March 17, 2020

Analytix Now Includes Recently Released Bar Passage Outcomes and 509 Required Disclosures

Research and Data


Analytix now includes bar passage rates for first-time takers in 2019 and ultimate bar passage rates for 2017 graduates. These data were released by the American Bar Association earlier this year and are now available in Analytix for comparing institutions and examining trends since 2008. The most notable finding is the nearly five percentage point increase in the pass rate for first-time takers. The overall ultimate bar pass rate also improved, increasing from 88.6 percent for 2016 graduates to 89.5 percent for 2017 graduates.


Overall Bar Passage Rates for First-Time Takers


Despite the increase in the overall bar pass rate, not all jurisdictions saw an increase in the share of first-time takers passing the bar. The data show that only 35 out of the 51 jurisdictions that had first-time takers in 2019 saw an increase in pass rates compared to 2018.


First-Time Bar Passage Rate - Change from 2018 to 2019


Along with the bar passage data, Analytix now contains the 2019 Standard 509 datasets, which include several changes as compared to 2018.  Most notably, schools are now required to report separately tuition and fees. In previous years, the ABA requested that the reported tuition value include fees that were due regularly each semester or year. Combined with last year’s changes, where schools were asked to report one value for tuition plus fees by semester and credit, this new reporting structure offers greater specificity regarding what law schools charge students. The changes in reporting structure are shown below with last year’s table on the left and the new table structure on the right.  


Previous vs. New Reporting Format


In order to accommodate this new reporting structure and allow for comparisons to prior years in Analytix, AccessLex calculated a combined annual tuition and fee value for each school. Where applicable, AccessLex confirmed reported values with published tuition and fees on schools’ websites and modified them, where necessary, to match published values. Looking at all ABA-accredited law schools, new data show that compared to last year, the median annual tuition and fees increased by almost $950 for full-time residents and by $1,500 for full-time nonresidents. Since the 2011-12 academic year, the earliest year of data in Analytix, the increases are approximately $6,600 and $8,300 for full-time residents and full-time nonresidents, respectively.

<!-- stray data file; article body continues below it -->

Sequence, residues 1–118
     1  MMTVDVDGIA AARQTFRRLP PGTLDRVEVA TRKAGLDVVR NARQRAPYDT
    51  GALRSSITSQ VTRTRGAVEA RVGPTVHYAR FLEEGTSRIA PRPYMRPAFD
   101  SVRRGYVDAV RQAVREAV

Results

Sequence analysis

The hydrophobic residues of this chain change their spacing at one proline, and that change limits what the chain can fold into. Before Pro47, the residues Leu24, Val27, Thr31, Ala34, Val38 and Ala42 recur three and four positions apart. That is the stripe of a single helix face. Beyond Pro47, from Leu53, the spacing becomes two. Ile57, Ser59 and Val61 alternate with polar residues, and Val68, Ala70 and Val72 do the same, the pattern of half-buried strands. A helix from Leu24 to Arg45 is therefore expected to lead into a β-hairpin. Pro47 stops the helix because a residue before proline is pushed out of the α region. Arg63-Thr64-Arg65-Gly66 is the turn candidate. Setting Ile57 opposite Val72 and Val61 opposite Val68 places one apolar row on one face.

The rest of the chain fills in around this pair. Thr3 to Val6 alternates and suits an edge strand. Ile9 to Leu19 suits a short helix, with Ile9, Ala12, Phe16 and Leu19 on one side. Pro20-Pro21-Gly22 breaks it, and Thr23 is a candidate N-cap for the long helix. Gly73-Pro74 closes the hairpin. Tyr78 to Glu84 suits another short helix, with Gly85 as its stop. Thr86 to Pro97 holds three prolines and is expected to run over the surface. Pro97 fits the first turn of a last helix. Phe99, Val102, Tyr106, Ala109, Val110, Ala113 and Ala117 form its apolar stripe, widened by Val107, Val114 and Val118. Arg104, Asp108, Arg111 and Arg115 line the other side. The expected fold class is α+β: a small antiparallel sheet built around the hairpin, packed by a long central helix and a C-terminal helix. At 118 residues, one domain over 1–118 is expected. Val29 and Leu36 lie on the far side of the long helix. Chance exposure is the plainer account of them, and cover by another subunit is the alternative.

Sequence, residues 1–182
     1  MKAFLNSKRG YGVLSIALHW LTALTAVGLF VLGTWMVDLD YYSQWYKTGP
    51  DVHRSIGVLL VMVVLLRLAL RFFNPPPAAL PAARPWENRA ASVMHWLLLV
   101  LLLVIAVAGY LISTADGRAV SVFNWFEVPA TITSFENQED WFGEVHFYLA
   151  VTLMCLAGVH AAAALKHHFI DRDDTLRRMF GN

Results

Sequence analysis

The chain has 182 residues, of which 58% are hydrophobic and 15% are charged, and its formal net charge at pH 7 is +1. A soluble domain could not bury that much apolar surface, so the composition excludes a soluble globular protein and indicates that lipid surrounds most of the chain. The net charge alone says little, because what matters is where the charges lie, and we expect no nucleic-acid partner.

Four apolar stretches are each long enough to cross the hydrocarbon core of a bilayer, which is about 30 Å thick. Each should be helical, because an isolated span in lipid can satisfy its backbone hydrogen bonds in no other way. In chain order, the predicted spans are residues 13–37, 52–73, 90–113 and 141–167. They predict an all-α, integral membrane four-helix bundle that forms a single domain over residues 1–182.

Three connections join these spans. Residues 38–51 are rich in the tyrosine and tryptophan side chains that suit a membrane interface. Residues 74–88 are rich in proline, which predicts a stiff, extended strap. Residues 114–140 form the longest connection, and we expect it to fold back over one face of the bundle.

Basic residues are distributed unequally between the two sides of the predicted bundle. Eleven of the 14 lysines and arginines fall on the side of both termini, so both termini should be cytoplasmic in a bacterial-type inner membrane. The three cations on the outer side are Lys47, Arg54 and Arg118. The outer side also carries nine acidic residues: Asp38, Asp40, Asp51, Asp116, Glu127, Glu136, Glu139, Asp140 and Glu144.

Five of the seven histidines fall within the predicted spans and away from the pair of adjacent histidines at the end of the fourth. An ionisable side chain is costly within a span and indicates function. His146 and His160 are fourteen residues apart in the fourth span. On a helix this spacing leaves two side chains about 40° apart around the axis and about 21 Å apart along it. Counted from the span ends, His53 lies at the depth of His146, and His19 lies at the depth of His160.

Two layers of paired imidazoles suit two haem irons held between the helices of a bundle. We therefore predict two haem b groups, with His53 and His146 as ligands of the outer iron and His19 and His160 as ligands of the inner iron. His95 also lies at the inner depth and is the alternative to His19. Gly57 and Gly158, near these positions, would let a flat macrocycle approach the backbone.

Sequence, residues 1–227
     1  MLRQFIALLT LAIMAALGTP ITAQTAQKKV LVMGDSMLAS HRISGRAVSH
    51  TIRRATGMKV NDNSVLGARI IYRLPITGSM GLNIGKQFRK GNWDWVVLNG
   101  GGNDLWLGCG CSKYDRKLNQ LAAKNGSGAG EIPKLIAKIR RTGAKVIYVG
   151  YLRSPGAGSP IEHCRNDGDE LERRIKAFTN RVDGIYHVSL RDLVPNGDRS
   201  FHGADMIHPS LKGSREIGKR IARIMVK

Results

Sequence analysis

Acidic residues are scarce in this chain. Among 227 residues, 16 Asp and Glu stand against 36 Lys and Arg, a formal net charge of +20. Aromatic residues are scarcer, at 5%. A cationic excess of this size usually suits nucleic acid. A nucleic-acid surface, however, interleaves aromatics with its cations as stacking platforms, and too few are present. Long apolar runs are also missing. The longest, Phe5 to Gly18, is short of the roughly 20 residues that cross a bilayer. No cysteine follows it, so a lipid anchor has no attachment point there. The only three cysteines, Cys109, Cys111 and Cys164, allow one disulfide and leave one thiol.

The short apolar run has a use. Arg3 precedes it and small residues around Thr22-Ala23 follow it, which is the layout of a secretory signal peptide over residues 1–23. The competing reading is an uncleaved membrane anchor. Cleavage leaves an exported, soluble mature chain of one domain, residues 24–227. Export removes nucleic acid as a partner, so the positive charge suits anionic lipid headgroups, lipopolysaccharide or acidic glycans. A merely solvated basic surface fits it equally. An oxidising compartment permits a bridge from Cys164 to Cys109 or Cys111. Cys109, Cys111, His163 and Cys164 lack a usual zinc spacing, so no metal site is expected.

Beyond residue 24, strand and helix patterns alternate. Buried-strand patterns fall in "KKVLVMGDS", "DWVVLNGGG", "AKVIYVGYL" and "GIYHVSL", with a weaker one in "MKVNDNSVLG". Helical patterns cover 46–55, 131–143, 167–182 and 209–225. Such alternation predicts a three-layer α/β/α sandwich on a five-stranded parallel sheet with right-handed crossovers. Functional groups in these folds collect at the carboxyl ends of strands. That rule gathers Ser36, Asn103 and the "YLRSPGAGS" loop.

Median Law School Tuition and Fees - Full-Time Students


After accounting for inflation over this time period, the changes are smaller than the nominal dollar values suggest. Since last year, tuition and fees increased by over $300 for residents and $800 for nonresidents. Looking further backward, median annual tuition and fees increased by roughly $2,100 for residents and $3,500 for nonresidents since the 2011-12 academic year.


Median Law School Tuition and Fees - Adjusted


Alongside these tuition increases, the median grant amounts awarded to entering full-time students also increased.[1] In nominal dollars, the median grant amount increased $1,000 from the 2017-18 to 2018-19 academic year and $8,800 since the 2010-11 academic year.  Adjusting for inflation, these amounts decrease slightly, but the trend remains the same. From the 2017-18 academic year to the 2018-19 academic year, the median grant amount increased from $19,684 to $20,299, approximately $600.  Since the 2010-11 academic year, the median grant amount increased $8,440, from $11,859 to $20,299.


Median Grant Amount


Over the same time period, there has been a sizeable increase in the share of law school students receiving grant aid, as well as an increase in the share of students receiving grants covering at least half of their tuition. In the 2010-11 academic year, just over half of full-time students received institutional grants. By the 2018-19 academic year, over three-quarters of full-time students received institutional grants. During this same period, the share of full-time students receiving institutional aid amounting to at least half of their tuition increased from 13 percent to 29 percent.  


Students Receiving Aid


With the addition of the bar passage and 509 disclosure datasets to Analytix, users can now quickly analyze the most current data on legal education. In addition to allowing custom data downloads that enable analyses like those above, Analytix provides several benchmarking tools. Among these, the Peer Group Comparison tool produces a presentation ready report containing comparisons between a school of interest and one or more user-defined peer institutions. Similarly, the Trend Report tool lets users track changes in institutional characteristics and outcomes for one or more schools over time. To continue exploring the new data releases by the ABA and to see data for individual institutions, visit Analytix.


[1] Law schools report the median grant amount awarded to full-time students. The median grant amounts shown here are the medians of all school-level medians.